Part II : 1950 -1957

5. NACA Research on High-Energy Propellants



High-Energy Propellant Facility


[85] The new $2.5 million rocket facility for high-energy propellants, requested in 1952, was completed in the fall of 1957 (fig.15). It comprised a test cell, propellant supply system, and a unique combination exhaust-gas treatment and silencing system. A service building and high-pressure helium bottles were adjacent to the test cell. Farther away were storage areas for fuels (hydrocarbons, ammonia, hydrazine), liquid oxygen, and water for the scrubber, all piped to the test cell under gravity. Fluorine was loaded into propellant pressure tanks from trailers and a similar provision was made for liquid hydrogen. The oxidizer tanks were in a pit behind the cell, suspended on a weighing system within another tank into which liquid nitrogen was placed as a coolant when...



[86] Fig. 15. The NACA-Lewis high-energy rocket propellant test facility, placed into operation in 1957. The building with the slanted roofs the test cell. The large horizontal duct with vertical stack is the exhaust-gas scrubber and silencer. The two men are in front of racks of high-pressure cylinders of helium used for pressurization. On the far right is the water storage tank and on the far left is the water detention tank and treatment system.


....fluorine was used (fig. 16). The tanks and system were sized to allow three minutes of operation at a thrust of 89 kilonewtons, a considerable increase in size over other high-energy rocket facilities in the country. The exhaust duct at the rocket nozzle exit was 3.7 meters in diameter; the horizontal section, 7.6 meters, and the vertical stack, 6 meters. During a run, water from the 1500-cubic-meter (400 000-gallon) tank on the upper level flowed to the exhaust scrubber at a rate of 190 cubic meters (50 000 gallons) per minute. This was well over a hundred times the mass flow of exhaust gases. The hot gases, emerging from the nozzle at velocities of 3000-4000 meters per second and temperatures of about 2300 K, were met with a drenching spray of water and quickly cooled to steam temperature and slowed to a velocity of about 8 meters per second. Additional water sprays condensed the steam, and the non-condensable exhaust gas emerged from the stack at about 340 K and a velocity of 3 meters per second. The hydrogen fluoride of a fluorine-hydrogen rocket is highly soluble in water; the water containing it was collected in the detention tank. After the run, calcium hydroxide was introduced into the detention tank and the hydrogen fluoride converted. to calcium fluoride-which is inert and harmless-and a slurry of it was pumped into tank trucks and hauled to a dump. The facility was equipped with barrels containing ordinary charcoal and connected to the fluorine system. Harold Schmidt of the rocket research group had found that fluorine reacts readily with charcoal and is converted into inert carbon fluorides-an excellent way to dispose of unwanted fluorine. Monitors to sniff a...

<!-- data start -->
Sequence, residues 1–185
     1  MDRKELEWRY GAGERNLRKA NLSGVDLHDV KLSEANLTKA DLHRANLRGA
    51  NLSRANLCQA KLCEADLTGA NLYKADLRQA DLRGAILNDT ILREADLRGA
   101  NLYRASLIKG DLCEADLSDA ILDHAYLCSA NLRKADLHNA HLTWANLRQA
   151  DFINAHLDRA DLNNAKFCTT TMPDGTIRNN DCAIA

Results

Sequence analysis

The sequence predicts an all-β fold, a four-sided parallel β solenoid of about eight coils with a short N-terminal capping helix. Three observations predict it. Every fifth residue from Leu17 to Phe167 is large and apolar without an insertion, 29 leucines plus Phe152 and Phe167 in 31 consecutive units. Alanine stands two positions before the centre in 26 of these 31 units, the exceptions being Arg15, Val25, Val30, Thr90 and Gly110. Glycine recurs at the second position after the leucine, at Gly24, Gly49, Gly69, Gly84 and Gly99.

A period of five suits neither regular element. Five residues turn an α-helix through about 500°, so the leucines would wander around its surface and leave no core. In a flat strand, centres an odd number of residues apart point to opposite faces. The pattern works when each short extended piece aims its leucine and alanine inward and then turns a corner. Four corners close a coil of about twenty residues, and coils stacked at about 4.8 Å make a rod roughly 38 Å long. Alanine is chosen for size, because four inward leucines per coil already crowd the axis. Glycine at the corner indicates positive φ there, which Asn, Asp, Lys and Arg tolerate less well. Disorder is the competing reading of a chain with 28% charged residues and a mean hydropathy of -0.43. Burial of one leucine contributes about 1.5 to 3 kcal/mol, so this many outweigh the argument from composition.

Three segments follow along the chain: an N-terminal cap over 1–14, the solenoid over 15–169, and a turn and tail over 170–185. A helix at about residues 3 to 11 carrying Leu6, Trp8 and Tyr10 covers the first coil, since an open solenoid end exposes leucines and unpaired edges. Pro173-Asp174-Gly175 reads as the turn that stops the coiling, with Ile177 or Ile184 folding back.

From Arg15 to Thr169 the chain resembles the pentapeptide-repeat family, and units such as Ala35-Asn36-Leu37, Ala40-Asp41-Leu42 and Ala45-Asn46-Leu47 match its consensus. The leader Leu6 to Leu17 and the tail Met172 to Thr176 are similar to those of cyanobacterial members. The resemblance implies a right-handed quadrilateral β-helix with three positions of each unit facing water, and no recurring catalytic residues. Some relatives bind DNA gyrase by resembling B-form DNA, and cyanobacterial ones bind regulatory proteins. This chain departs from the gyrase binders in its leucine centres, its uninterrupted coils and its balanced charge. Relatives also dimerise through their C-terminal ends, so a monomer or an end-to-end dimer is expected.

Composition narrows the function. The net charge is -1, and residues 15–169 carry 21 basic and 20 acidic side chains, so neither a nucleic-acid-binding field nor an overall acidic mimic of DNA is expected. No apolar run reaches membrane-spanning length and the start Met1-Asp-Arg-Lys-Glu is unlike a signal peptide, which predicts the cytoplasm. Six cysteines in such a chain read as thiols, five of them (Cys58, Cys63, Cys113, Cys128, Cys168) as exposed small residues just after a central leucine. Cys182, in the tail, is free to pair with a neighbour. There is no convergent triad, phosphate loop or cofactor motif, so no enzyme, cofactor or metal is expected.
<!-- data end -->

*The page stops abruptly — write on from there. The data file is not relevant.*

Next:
[87] Fig. 16. Sectional view of the NACA-Lewis rocket facility. On the left are high-pressure propellant tanks in pits. The rocket engine and test stand, for vertical downward firing, are dwarfed by the large ducting for exhaust gas scrubbing and silencing.


....variety of gases and combustible mixtures were located at strategic places about the test area. The test cell was controlled by a well-equipped center in the rocket operations building about a kilometer away.